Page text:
Will Turkey Save Idlib From Assad and Putin Terror?

Will Turkey Save Idlib From Assad and Putin Terror?

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President Tayyip Erdogan said on Friday that Turkey may launch a military operation into Syria’s northwestern Idlib province if the situation is not resolved immediately. As attacks by Russia-backed Syrian government forces risked a new wave of refugees, will Turkey save Idlib from the terror of Assad and Putin?

Assad’s forces, which Russia fully backs, have rapidly advanced on Idlib. They have taken dozens of towns, including the key city of Maarat al-Numan.

The recent campaign has also raised tensions between Ankara and Moscow. Each backs opposing sides in the conflict. Turkey fears a fresh wave of migrants from Idlib and has 12 observation posts in the region. They are part of a 2018 de-escalation deal that Erdogan says Russia is now violating.


Speaking in Ankara, Erdogan repeated Turkey could not handle a fresh influx of migrants. He said Ankara will not allow new threats near its borders, even if it meant resorting to military power, as it did in its three previous cross-border operations in northern Syria.

Erdogan said:

We will do what is necessary when someone is threatening our soil. We will have no choice but to resort to the same path again if the situation in Idlib is not returned to normal quickly.

He also appeared to hold out the option of another operation in northeastern Syria, where in October Ankara targeted the Syrian Kurdish YPG militia that it calls a terrorist group.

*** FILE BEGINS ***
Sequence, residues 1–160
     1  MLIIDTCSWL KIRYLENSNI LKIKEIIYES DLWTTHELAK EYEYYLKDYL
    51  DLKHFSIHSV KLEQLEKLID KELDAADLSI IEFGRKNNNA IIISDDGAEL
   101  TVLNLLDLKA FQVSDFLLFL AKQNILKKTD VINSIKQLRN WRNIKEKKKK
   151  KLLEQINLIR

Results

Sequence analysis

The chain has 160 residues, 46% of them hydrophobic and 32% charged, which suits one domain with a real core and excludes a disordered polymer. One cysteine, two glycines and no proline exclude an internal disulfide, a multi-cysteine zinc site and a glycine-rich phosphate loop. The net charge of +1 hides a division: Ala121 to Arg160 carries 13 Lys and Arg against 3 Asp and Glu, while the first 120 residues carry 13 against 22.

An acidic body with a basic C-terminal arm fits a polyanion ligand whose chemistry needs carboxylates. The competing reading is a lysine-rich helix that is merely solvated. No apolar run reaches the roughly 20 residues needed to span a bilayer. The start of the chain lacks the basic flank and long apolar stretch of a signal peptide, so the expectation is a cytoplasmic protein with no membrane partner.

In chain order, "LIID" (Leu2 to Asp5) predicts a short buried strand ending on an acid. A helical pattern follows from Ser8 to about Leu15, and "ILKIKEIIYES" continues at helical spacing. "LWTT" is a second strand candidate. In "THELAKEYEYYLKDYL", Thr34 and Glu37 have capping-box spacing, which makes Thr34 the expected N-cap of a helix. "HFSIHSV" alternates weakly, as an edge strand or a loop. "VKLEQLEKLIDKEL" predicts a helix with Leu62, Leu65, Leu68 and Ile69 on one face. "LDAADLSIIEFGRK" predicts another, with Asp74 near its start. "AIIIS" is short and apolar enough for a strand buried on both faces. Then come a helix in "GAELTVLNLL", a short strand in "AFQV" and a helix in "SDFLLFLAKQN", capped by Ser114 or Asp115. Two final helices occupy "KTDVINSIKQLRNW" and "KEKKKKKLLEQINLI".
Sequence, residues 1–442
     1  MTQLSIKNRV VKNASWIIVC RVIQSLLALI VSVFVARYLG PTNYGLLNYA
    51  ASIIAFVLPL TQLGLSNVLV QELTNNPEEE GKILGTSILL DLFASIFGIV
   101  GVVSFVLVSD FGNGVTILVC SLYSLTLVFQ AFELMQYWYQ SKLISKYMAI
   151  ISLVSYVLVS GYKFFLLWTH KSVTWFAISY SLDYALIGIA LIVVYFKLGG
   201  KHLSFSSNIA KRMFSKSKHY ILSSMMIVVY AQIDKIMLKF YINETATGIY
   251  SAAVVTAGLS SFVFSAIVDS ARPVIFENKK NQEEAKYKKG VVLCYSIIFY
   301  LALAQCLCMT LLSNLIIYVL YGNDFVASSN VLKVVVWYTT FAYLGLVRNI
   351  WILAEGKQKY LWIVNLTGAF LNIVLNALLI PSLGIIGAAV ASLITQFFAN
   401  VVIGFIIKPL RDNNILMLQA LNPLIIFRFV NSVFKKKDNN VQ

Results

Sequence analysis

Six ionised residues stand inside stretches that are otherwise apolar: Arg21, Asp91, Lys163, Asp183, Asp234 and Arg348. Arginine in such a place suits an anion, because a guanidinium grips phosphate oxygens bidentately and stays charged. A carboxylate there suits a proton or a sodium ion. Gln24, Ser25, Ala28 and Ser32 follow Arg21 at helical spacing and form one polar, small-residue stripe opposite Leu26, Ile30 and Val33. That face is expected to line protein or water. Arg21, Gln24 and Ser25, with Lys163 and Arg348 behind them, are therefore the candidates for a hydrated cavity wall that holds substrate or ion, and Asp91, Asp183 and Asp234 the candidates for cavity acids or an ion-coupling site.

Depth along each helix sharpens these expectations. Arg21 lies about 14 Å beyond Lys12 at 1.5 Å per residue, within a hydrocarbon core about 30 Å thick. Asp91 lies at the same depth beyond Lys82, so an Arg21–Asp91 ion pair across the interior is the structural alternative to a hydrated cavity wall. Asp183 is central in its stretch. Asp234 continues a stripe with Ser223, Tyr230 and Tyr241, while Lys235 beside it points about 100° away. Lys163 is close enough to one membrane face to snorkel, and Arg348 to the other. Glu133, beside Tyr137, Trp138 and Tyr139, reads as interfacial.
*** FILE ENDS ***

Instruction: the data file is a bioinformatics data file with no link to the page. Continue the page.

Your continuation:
Erdogan said:

We will not refrain from doing what is necessary, including using military force.

Later on Friday, the Kremlin said Russia was fully compliant with its obligations in Idlib. It added that it was deeply concerned about what it said were aggressive militant attacks on Syrian government forces and Russia’s Hmeimim air base.

Last week, Russia claimed the rebels attacked Assad forces but observers on the ground disputed the attacks. The Russian Air Force has mostly been attacking civilians in hospitals, schools, and markets.

Turkey, which has backed some rebels fighting to oust Assad, currently hosts more than 3.6 million Syrian refugees. Erdogan has repeatedly called for Assad to step down; even while Iran, Russia and Turkey have said they seek a political solution to the conflict.

He added:

We will not allow the regime to put our country under the constant threat of migrants by tormenting, attacking, spilling the blood of… its people.

Reuters contributed to this article.

Will Turkey Save Idlib From Assad and Putin Terror?


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